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Digital archive of theses discussed at the University of Pisa


Thesis etd-06282022-114618

Thesis type
Tesi di dottorato di ricerca
Thesis title
Environment-Aware Robotic Manipulation: Planning and Control in Real-World Scenarios
Academic discipline
Course of study
tutor Prof. Bicchi, Antonio
supervisore Prof. Pallottino, Lucia
supervisore Prof. Fantoni, Gualtiero
commissario Prof. Garabini, Manolo
commissario Dott. Grioli, Giorgio
  • control
  • environment
  • grasping
  • hands
  • manipulation
  • planning
  • real-world
  • robot
Graduation session start date
Release date
Humans display extraordinary ability in grasping and manipulating objects even in extremely complex scenarios. With the ambitious aim of reaching man’s ability, several robotic manipulators and hands were designed in the past decades, thus increasing the dexterity of robots considerably. Notwithstanding such advances in design, robots are still far behind humans in the ability to manipulate objects in real-world scenarios. A main reason is the lack of algorithms which take into account - at the different stages of planning and control - the heterogeneity of the robots, the constraints and the uncertainties permeating the unstructured external world.

Multi-robot systems for object handling are becoming increasingly popular in warehouses and factories, since they enable the development of more versatile, efficient and robust systems than single robots. However, this leads to increased complexity in planning and dispatching actions to robots. Furthermore, in many realistic situations, solving manipulation planning problems requires dealing with heavy and/or tight constraints imposed by the environment on the object. In such cases, existing planners struggle to fit satisfactorily in such low dimensional sub-manifolds. In addition, as a consequence of imperfect modeling or data-acquisition, the execution of computed plans may fail. As mechanical compliance aids only partially in coping with such execution issues, reactive strategies and hand control methods that take into account the uncertainties given by the unstructured environment are still a topic of research.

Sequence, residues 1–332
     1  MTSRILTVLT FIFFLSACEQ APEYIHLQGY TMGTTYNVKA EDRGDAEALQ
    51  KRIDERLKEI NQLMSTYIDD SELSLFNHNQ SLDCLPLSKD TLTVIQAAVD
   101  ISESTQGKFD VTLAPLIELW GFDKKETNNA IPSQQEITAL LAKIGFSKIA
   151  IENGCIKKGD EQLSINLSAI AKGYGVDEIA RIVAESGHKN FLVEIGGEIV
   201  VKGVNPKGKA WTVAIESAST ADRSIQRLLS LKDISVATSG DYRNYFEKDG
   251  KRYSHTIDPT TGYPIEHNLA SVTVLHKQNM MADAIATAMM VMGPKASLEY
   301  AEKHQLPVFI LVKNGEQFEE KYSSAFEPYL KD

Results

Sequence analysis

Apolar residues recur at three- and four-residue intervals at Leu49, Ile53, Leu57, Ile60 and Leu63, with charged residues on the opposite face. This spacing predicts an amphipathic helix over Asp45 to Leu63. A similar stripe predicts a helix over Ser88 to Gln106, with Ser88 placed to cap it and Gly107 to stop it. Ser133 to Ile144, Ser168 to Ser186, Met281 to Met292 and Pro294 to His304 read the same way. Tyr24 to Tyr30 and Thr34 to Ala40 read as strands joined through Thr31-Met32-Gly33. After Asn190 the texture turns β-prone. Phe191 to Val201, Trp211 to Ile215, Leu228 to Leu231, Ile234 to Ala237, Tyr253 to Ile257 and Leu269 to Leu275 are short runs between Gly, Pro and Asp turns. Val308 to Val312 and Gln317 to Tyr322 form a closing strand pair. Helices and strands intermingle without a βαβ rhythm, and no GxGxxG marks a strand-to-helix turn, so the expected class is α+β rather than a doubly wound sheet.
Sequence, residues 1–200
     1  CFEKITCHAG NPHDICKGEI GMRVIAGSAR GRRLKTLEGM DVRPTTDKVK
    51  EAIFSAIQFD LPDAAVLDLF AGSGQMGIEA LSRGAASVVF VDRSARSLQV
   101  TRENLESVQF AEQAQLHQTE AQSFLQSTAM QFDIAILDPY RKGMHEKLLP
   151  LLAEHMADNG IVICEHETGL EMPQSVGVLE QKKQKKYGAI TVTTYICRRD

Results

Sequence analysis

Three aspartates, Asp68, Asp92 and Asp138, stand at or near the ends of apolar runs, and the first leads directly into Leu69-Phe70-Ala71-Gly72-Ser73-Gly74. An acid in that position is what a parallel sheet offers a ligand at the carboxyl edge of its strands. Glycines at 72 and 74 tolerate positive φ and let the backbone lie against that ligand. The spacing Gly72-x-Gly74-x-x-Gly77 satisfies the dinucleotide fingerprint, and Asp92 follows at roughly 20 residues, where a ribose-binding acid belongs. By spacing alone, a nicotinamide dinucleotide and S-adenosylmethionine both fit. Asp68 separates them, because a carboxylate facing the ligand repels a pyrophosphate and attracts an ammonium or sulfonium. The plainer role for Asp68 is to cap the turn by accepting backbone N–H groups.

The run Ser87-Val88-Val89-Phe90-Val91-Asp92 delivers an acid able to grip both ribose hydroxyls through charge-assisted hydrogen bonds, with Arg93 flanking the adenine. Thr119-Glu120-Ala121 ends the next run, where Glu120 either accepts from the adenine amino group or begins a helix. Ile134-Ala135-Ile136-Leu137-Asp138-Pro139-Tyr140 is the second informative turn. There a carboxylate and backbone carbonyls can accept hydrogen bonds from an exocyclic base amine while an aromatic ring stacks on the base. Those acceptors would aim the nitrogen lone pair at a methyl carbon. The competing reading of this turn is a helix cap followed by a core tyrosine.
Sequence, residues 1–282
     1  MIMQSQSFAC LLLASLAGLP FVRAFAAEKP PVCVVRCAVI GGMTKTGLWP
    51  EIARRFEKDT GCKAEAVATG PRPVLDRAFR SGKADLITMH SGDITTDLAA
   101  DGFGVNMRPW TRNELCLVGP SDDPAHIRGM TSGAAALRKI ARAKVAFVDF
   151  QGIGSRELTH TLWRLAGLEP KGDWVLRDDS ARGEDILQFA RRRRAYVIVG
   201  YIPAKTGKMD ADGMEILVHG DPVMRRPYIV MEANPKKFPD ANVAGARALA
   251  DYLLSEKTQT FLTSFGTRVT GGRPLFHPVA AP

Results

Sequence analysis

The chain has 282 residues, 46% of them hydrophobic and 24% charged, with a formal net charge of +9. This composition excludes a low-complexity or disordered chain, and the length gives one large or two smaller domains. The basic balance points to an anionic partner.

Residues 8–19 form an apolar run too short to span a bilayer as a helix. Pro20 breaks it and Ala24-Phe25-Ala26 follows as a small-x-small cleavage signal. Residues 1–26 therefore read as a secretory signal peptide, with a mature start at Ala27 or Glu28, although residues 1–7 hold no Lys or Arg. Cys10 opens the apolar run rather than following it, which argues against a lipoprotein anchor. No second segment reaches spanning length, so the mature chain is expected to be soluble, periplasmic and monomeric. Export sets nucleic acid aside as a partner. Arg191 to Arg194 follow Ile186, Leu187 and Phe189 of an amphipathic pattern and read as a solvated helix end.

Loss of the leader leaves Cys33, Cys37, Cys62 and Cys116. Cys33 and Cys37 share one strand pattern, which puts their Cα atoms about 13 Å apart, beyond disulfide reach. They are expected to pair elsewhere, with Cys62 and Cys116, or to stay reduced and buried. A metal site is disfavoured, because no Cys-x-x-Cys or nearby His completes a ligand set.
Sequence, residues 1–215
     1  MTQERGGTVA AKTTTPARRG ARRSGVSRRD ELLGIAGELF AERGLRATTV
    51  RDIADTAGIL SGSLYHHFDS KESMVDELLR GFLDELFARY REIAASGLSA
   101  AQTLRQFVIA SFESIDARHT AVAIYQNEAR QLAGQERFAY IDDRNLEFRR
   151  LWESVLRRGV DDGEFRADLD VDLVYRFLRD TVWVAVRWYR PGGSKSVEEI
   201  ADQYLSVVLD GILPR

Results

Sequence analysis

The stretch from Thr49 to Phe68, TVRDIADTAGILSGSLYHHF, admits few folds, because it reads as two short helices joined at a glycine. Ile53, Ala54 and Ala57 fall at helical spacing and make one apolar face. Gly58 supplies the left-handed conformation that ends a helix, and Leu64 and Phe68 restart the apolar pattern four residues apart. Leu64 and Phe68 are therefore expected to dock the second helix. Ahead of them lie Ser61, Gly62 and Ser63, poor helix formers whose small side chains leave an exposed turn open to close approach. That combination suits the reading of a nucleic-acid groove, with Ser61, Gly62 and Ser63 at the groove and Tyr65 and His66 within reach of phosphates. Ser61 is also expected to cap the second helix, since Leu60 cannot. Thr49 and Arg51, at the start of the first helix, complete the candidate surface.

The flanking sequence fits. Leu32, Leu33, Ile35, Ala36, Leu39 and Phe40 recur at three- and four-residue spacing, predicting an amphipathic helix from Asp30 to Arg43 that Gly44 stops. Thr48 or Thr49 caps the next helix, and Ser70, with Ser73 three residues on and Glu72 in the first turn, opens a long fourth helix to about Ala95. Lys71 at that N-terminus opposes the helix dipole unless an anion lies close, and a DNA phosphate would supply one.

In such a context, this dissertation discusses the role of human-inspired solutions and of environment exploitation in robotic manipulation. This leads to introduce some model-based tools which address the aforementioned deficiencies at the three different levels of planning, reaction and control. Firstly, a task-planning algorithm for object handling - that is both scenario- and robot-independent - is devised; it tackles explicitly the problem of planning for multi-robot systems. Then, a random-tree-based motion planner is proposed: it can be used to solve manipulation problems with tight environment constraints. The output motion plans are constructed to ensure geometric and force feasibility even when the object is heavily constrained. Going to lower levels, a human-inspired reactive strategy for robotic hands, and a novel impedance control law for tendon-driven hands are presented. The former attacks the issue of grasp failure caused by object positioning error and the latter is aimed at providing a robust interaction control of the hand in the presence of unexpected collisions. In short, following a top-to-down approach, the objective is to provide solutions at different levels to further enable the adoption of robotic systems in real-world applications by going towards an environment-aware manipulation.

The developed concepts are validated using state-of-the-art robots in real-world scenarios. The evaluated tasks, ranging from complex grasping and manipulation to heavy interaction, demonstrate the capabilities of the formulated tools to effectively deal with the limitations imposed by realistic scenarios by turning such disadvantages into opportunities to be exploited.